Creating these types of ideal data sets can be challenging. Here are five tips for improving your test data management process and creating the best data sets possible for your distinct testing needs. 

1. Avoid security issues by keeping sensitive data confidential

One thing to keep in mind about the testing process is that the software you’re testing rarely has the same security measures in place as live software. So when you’re using test data, it’s especially important to keep sensitive data protected. 

If, for example, you have a list of payment methods, including credit card numbers, that’s probably not the best data sample to use for production cloning. If the type of data you’re working with is information that should be kept confidential, you either need to alter the data or switch away from production cloning and use synthetically generated data instead. 

2. Identify test data prior to testing

You should know what type of data is in your test. Prior to running a test, identify the test data you have and make predictions about how you expect your software to handle test data. 

Keep in mind that some test data tests simple use cases, while other data tests more complex cases. Knowing which data you’re running helps you interpret test results and understand how to adjust your software — if needed — to account for those test results. 

3. Audit your data and testing environments frequently

As you improve your data testing process and update your software, your data sets need to improve and update accordingly so you can continue testing new things. Data audits help you locate outdated information and clear it from your cache so that you’re always testing the data sets you want to be testing. 

Just as you should update your test data, you should also update your testing environments frequently. Auditing your testing environments involves examining the methodology you’re using and identifying the limitations of the tests you’re running. 

4. Automate where you can

Automation saves your company time by simplifying your workflow. Determine what to automate by planning your end-to-end data management process, reviewing types of automated testing, and determining what’s going to save you the most time. Then, follow test automation best practices to implement those changes.

In addition to automating test data, you can also automate tests themselves. Brush up on the nuances of test automation to decide what aspects of the testing process would be most beneficial for your company to automate. 

5. Plan your testing strategy and what’s needed in advance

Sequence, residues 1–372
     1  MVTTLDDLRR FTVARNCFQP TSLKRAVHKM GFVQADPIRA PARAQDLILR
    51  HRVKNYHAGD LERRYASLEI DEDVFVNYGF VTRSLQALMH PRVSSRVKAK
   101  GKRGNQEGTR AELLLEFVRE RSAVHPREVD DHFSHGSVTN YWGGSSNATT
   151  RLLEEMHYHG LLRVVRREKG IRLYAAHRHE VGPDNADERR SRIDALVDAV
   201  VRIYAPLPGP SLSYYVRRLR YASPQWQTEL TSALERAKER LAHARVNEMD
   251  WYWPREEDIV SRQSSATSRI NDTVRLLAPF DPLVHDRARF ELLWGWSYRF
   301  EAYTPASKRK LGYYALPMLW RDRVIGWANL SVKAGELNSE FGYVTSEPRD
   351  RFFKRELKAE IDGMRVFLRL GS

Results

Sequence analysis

One of the keys to using test data is to generate data in different ways. Using a combination of synthetically generated data, web scraped data, and production cloning prevents you from testing the same scenario over and over again. 

To make the most of this testing strategy, you need to plan out your tests and make a list of what you need for each software test you run. Planning what you need in advance ensures you have what you need when you need it and prevents issues on testing day. It also helps you generate the right kind of data. For example, if you know that you’re doing a security test, you need a different data set than if you’re doing black box testing. Knowing the purpose of the data you’re generating helps you hone in on a good test data generation strategy. 

Partner with a test automation service today

Generating accurate, useful test data can be an arduous process. You have to become an expert in the software you’re testing, including the types of data sets it’s looking for and the types of data sets that will put a strain on the software. Once you understand that information, you need a method for generating data on both ends of the spectrum, from the easiest data for the software to work with all the way through the most challenging data. 

Partnering with a test automation service puts the challenges of data generation and the QA process into expert hands. You can feel confident that your QA process is as accurate and helpful as possible when you work with people who generate test data on a regular basis. 

Ranorex offers free trials of our test automation services. Learn whether partnering with Ranorex will work for you by signing up for a free trial today.